One way to deal with the August heat of Frigiliana is to go somewhere else. Which is how I come to be sitting in a conservatory in southern Scotland looking out across brilliant green, sheep-dotted fields to the cliff edge and the Irish Sea beyond. The remedy has turned out to be more painful in many ways than the illness, as it were. Instead of a ferocious sun shining out of a cloudless sky and inflicting temperatures of 35 to 40 degrees upon us, it’s heavy, grey clouds cud dins across the sky at breakneck pace, dumping frequent heavy showers on us and driven by winds of 40kph gusting frequently to 80kph. All this to the accompaniment of 14 degree temperatures, and yes I am talking about daytime. And yet…. I’m delighted to be here where the story of Frigiliana began. Back at the beginning of the 1970s we had recently moved from Oxfordshire to Ramsbottom, north of Manchester. WE had two small daughters and an uncomfortably large mortgage, and holidays did not feature on our list of spending priorities. Then my wife’s parents came up with a suggestion; if they rented a suitably large holiday cottage, could we afford the petrol to get to it? We gratefully said yes we could and they rented a cottage on a farm two miles south of Portpatrick in the extreme southwest of Scotland. That cottage is no more than 200 metres from where I am writing this, although I cannot see it as it sits into the side of the hill. The welcome we received from the farmer and his family, the surroundings, the harbour in Portpatrick ensured a fantastic holiday, and as a family of four we came back and back, sometimes with family members, sometimes with friends, and sometimes just the four of us. Then one year we were late booking and the cottage was already let. This was a terrible disappointment because my wife and I had concluded that it would probably be our last visit; the girls were getting to be that bit too old to be happy stuck on a farm two miles from what passed as ‘the action’ in those days. But fate was on our side. We chanced upon an ad for a holiday apartment actually in the village, yards from the harbour and so Portpatrick took on a new life. We also became friendlier with Eric, the farmer who insisted that we should join him at The Old Mill House, a bar restaurant on the edge of the village, popular with locals and with families from the nearby caravan sites. That, in turn, introduced us to Pat and Judy the owners and good friends of Eric. Pat had spent his working life in the advertising industry in the creative departments of several major London agencies. He was also a gifted water colourist and his paintings were displayed throughout the restaurant. My life at the time was in market research and involved a good deal of contact with ad agencies and so we had much in common and became good friends. Then Pat and Judy, who hitherto had spent the winter cruisingg, decided that they would rather invest their money in something that would give them a holiday facility, but would also be an investment. The outcome was that they bought an old village house “La Casa De Los Arcos” in the Andalusian village of Frigiliana. Shortly afterwards they invited my wife and I and our two daughters to visit them in Spain so we could spend proper leisure time together - Portpatrick for us was holiday; for them it was the busiest time of the year, and so they really didn’t have much time to pause and chat. Well, that first visit, back in 1983, worked its magic on us and led eventually to us coming to Frigiliana to live. Portpatrick turned out to be the unknowing progenitor of this blog. I have just been handed a gin and tonic. I shall go and sit with the others in the conservatory, look out across the grey Irish Sea, and raise my glass in gratitude to the place where it all started.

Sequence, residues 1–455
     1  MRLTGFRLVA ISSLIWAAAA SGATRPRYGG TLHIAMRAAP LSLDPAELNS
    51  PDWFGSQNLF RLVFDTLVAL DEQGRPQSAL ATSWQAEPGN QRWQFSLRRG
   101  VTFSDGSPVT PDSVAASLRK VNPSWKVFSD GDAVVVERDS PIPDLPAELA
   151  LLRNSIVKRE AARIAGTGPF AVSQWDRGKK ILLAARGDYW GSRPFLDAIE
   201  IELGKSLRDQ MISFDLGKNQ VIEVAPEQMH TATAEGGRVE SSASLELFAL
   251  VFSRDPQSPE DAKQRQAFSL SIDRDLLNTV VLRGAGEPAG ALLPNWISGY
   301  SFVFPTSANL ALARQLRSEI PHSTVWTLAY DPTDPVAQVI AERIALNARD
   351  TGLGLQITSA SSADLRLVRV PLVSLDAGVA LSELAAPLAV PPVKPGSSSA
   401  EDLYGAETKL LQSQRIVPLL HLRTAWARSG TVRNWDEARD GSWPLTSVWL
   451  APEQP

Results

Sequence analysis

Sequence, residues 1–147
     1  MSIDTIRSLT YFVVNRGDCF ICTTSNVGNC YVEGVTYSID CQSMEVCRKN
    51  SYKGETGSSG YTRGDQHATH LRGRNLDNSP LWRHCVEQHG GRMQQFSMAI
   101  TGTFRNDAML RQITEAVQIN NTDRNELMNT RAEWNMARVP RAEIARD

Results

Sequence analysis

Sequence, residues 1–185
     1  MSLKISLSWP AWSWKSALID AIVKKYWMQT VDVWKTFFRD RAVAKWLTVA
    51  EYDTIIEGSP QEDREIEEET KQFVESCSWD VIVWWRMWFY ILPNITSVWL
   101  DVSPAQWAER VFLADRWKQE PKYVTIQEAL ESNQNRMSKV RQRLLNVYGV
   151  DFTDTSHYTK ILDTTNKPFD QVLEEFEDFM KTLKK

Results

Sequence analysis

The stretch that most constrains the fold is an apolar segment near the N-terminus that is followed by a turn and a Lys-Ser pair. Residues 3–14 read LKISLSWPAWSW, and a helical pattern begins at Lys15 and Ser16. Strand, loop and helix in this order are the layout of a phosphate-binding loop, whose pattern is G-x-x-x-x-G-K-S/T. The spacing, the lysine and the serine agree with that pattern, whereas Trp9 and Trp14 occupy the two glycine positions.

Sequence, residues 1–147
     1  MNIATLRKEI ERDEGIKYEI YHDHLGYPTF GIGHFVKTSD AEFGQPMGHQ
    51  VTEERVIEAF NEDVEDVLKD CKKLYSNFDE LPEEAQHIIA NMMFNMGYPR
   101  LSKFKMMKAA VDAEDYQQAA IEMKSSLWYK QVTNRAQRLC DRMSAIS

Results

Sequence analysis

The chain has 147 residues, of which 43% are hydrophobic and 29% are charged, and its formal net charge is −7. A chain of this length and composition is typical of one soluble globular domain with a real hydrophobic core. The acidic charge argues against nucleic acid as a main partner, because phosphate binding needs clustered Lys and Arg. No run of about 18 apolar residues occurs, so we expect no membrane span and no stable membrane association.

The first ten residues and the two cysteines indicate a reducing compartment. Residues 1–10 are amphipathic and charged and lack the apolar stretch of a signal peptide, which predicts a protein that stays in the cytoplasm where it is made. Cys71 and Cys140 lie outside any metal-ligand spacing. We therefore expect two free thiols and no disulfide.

I’ve been writing this blog for six years now, and I’ve covered a lot of ground - local and national fiestas and public holidays, fairs, festivals, and other cultural events. I’ve written about the village, the surrounding countryside, and further afield. I’ve blogged about politics, employment problems. I’ve told you about Spanish food, and wine. All sprinkled with a fair number of photos where I could, to add interest. But there is one hugely important area that I don’t believe I have ever written about. Friends. Well, it’s about time that I put that right. What prompted me to think of this omission was the imminent departure - next Monday - of two of the first people that we got to know when we arrived in 2008. They, like us, have young grandchildren and they miss not seeing them more often than they do. They are aware that young grandchildren don’t stay young for very long and they want to be part of their growing up. So they have sold the house, sold the car, packed up the stuff they want in England and next week they wave goodbye to the August heat and head for the next stage of their life close to family. We shall miss them. If my wife and I were living here in isolation, on nodding terms with our Spanish neighbours,but otherwise just the two of us, I suspect that we would have been off back to England long before our friends. But Frigiliana is not like that. It has a large expat community - around a quarter of the population - with people drawn from the UK, large parts of northern Europe, and further afield; US, Canada, Australia, New Zealand, Africa. So we have Dutch and Scandinavian friends, as well as English, Irish, Scots and Welsh. Yesterday for instance we went down to the weekly market and then met up with an English friend whom we joined for a coffee and a chat, and then were joined by her Aussie friend, and so stayed chatting longer. On the way home, we came across another group of friends enjoying a drink outside one of the bars, and paused to pass the time of day. That’s the way it works. A couple of weeks ago we arranged to meet up with a friend one evening for tapas and a glass or two of wine. We sat there chatting and then along came two more good friends who sat down and joined us for a really enjoyable evening. Once a week we pop across the road to a local restaurant, and there we always run into a whole crowd of friends. But the friendships I have found here go deeper than that. This time last year I blogged a number of times about my diagnosis and treatment for prostate cancer, which I took pretty much in my stride. I couldn’t have done that alone. A number of friends - if they read this they will know who they are - had already trodden the road I was called upon to walk. Their experience, their support, but most of all their concern gave me the strength to know that I could deal with that episode in my life; I couldn’t have done it without them, or without the others who didn’t share the experience but still showed the level of their concern for me and my well-being during that difficult time. I’ve just read this over and corrected a couple of typos. Reading it, I can’t imagine how I’ve managed to blether on for so many years without touching on this subject before. We’re off to England on holiday very soon. I look forward to seeing all these lovely people again on my return.